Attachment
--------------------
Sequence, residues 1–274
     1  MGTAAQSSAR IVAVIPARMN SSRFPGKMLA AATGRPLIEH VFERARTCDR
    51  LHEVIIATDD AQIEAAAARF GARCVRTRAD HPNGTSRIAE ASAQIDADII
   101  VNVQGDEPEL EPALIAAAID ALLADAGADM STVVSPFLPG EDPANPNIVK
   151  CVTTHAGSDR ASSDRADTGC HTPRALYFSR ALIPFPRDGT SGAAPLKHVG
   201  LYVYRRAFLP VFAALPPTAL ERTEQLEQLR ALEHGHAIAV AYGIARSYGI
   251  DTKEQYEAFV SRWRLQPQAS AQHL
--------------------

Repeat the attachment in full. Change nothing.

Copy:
Sequence, residues 1–274
     1  MGTAAQSSAR IVAVIPARMN SSRFPGKMLA AATGRPLIEH VFERARTCDR
    51  LHEVIIATDD AQIEAAAARF GARCVRTRAD HPNGTSRIAE ASAQIDADII
   101  VNVQGDEPEL EPALIAAAID ALLADAGADM STVVSPFLPG EDPANPNIVK
   151  CVTTHAGSDR ASSDRADTGC HTPRALYFSR ALIPFPRDGT SGAAPLKHVG
   201  LYVYRRAFLP VFAALPPTAL ERTEQLEQLR ALEHGHAIAV AYGIARSYGI
   251  DTKEQYEAFV SRWRLQPQAS AQHL